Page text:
There are big names advocating a loosening of standards related to human sexuality. Not the least of these is the Connectional Table of the UMC and Adam Hamilton, the pastor of the UMC’s largest congregation. Some progressive groups, like Love Prevails, want to see a complete reversal on our language regarding homosexuality. To be fair, they don’t say it that way. They advocate “going back to our pre-1972 language.” 1972, however, happens to be the year when our then four-year-old denomination first adopted the Social Principles commissioned at our 1968 Uniting Conference. It seems a bit disingenuous to imply that there was an earlier time when the UMC was more open to homosexual practice. As I have argued elsewhere, complete reversal would be a certain recipe for making two (or more) denominations out of one. If we go from stating that homosexual practice is incompatible with Christian teaching on May 10, 2016 to allowing openly itinerating gay clergy and bishops on May 20, 2016, the whiplash effect will break away parts of the American church and perhaps all of Africa. I cannot imagine a more anti-pastoral move on the part of our elected delegates. Thankfully, few are advocating this approach.
The Hamilton and Connectional Table approach is more moderate but nevertheless clear in its intent. They want to keep (for now) language referencing the historic Christian understanding of homosexual practice but remove all punishments for performing same sex weddings and being a “self-avowed practicing homosexual” clergy. Bishop Mike Coyner makes a reasoned argument for one aspect of the Connectional Table proposal, saying that it perhaps makes more sense to move accountability to the local and conference levels where it really counts (accountability enforced at the general church level is failing, he notes). He and I agree that a “flatter” future for the UMC is to be preferred. The tools for more localized accountability, however, do not currently exist under our polity. Appointed clergy are under no obligation to obey rules established by the local church. I know of no mechanism for a pastor to be tried for violations of annual conference policies. The standards ensconced in our Book of Discipline are currently the very basis for clergy accountability. All clergy have the right (per our constitution) of trial and appeal (to the jurisdictional appeals court and judicial council) based on the “chargeable offenses” in Par. 2702. If clergy accountability is struggling under our BOD rules, it would certainly collapse without them.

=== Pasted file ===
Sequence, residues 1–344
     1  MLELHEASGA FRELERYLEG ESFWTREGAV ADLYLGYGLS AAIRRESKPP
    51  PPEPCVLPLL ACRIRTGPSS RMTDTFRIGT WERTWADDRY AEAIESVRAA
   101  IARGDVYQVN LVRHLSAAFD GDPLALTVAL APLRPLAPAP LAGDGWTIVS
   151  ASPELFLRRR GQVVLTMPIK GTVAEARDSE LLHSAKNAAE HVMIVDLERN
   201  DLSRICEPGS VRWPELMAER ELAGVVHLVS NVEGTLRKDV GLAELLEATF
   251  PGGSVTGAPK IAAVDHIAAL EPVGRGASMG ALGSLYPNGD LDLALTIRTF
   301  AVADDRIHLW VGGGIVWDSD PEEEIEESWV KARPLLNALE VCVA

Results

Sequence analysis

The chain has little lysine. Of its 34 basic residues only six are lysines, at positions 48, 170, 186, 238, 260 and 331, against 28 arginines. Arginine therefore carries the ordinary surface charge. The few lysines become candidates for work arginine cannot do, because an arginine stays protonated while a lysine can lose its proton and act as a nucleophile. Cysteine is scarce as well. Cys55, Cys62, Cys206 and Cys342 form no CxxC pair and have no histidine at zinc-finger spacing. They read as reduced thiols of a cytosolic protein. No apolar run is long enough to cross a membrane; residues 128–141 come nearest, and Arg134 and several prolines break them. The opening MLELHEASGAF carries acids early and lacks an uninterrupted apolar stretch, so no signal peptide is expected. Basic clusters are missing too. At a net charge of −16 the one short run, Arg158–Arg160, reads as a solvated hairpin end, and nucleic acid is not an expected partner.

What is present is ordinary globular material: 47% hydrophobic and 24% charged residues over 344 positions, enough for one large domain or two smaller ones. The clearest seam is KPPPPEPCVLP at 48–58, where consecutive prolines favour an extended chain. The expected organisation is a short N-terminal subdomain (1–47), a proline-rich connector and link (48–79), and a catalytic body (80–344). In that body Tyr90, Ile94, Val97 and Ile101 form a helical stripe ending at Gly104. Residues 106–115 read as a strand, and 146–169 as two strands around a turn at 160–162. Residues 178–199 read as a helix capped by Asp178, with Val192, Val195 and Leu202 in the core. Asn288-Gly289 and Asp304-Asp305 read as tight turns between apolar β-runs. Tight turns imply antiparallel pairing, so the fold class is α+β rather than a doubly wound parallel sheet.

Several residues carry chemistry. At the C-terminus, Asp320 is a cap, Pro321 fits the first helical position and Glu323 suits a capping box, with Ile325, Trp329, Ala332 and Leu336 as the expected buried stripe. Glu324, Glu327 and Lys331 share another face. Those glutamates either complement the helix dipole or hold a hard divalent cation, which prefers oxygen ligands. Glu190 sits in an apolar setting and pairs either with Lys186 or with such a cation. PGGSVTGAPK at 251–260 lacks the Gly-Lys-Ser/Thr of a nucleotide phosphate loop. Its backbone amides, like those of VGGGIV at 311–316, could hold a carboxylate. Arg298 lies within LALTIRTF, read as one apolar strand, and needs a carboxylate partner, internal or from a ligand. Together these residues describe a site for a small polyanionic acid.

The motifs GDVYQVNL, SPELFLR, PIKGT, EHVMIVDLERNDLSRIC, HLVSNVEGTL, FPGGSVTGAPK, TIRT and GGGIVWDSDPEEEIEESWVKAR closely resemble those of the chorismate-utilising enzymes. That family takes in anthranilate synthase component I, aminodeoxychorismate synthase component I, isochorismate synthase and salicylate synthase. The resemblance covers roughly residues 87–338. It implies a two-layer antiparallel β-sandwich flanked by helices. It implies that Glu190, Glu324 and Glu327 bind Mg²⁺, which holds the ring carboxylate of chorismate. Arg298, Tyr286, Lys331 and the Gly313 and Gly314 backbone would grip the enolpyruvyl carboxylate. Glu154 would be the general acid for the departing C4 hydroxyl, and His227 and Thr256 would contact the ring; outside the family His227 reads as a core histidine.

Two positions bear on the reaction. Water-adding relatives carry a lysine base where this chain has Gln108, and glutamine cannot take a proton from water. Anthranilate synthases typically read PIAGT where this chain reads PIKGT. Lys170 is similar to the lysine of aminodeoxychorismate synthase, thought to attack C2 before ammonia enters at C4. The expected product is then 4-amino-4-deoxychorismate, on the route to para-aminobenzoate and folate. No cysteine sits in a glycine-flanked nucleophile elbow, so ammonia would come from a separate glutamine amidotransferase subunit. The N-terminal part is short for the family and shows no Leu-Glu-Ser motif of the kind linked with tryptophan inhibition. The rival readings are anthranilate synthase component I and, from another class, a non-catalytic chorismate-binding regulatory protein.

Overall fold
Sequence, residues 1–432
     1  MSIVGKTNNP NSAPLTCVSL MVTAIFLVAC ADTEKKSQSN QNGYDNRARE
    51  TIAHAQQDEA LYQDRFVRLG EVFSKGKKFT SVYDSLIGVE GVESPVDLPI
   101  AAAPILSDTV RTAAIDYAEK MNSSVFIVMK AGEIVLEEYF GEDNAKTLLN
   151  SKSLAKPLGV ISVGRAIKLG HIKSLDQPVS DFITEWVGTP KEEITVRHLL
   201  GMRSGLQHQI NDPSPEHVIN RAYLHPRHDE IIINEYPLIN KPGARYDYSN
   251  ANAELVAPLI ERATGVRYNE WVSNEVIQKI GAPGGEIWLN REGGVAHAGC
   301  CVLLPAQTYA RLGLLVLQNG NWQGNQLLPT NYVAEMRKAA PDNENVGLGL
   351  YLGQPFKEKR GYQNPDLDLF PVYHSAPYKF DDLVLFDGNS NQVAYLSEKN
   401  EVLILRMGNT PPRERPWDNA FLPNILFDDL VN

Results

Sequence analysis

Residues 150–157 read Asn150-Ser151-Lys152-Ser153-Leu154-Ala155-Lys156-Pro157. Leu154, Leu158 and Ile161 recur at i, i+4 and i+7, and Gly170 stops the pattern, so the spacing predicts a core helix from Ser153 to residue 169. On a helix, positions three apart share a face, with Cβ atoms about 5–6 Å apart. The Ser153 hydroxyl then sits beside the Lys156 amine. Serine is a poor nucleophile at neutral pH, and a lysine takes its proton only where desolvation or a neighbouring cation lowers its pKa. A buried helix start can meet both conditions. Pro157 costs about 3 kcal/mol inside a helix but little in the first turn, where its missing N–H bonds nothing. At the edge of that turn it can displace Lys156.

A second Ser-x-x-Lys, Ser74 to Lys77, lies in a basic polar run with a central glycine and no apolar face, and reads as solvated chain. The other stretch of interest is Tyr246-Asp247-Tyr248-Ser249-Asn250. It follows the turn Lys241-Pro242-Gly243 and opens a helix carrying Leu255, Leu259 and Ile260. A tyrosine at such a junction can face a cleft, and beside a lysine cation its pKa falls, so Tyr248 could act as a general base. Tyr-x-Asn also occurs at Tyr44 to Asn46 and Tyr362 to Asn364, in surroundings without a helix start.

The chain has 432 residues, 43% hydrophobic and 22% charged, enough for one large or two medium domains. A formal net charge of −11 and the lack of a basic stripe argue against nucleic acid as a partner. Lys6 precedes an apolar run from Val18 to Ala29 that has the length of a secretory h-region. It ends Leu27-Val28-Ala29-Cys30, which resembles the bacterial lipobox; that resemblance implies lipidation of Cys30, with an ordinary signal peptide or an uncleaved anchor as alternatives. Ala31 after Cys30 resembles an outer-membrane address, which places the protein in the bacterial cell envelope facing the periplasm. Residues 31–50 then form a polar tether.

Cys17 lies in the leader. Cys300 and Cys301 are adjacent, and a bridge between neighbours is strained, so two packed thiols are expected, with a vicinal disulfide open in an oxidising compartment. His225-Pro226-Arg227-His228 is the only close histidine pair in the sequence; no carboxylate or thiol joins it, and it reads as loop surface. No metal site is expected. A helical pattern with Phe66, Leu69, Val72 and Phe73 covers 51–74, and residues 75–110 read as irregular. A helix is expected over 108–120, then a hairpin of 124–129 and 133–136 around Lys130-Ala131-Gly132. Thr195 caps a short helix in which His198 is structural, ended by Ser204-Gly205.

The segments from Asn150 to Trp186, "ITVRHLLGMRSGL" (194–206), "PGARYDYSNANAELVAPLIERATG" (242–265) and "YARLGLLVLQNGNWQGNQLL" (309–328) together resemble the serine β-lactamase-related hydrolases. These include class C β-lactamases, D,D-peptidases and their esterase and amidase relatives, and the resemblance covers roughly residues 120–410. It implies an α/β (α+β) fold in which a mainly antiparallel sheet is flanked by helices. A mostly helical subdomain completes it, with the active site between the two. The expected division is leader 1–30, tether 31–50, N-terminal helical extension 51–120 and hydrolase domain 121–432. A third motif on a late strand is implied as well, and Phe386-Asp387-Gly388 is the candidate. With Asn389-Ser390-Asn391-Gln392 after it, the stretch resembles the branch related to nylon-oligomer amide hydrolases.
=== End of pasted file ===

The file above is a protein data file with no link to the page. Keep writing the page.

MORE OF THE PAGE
As it stands, the Connection Table plan makes our current denominational policies related to human sexuality unenforceable across the connection. A pastor would be able to officiate at a same-sex wedding whether the folks that pay her/his salary want that or not. In all likelihood, laity would be unable to prevent a pastor from conducting that wedding at their sanctuary’s altar as trustees are forbidden from interfering with pastors in religious ceremonies they deem appropriate. Churches also would have no authority to refuse the appointment of a pastor in a same-sex marriage. Substantial and established case law prevents any attempt to limit the power of bishops to appoint clergy in good standing to any church. A “practicing” gay elder in good standing is entitled to an appointment somewhere in the conference and the bishop may place him/her wherever the bishop wishes, including roles superintending clergy and congregations who see our current positions as biblically faithful.
The Connectional Table approach would also send mixed signals to practicing homosexual candidates for ministry: “We view your lifestyle as incompatible with Christian teaching but have no mechanism to prevent you from serving.” Boards of ordained ministry and clergy sessions will become the battle ground in which the anxiety created by these dual messages will be evidenced. When years of theological education and tens of thousands of dollars are on the line for each candidate, ambiguity is not helpful. The Connectional Table approach opens the door to annual debate in our conferences about homosexuality and causes pastors who disagree with our current position to defend their stand alone in their local settings.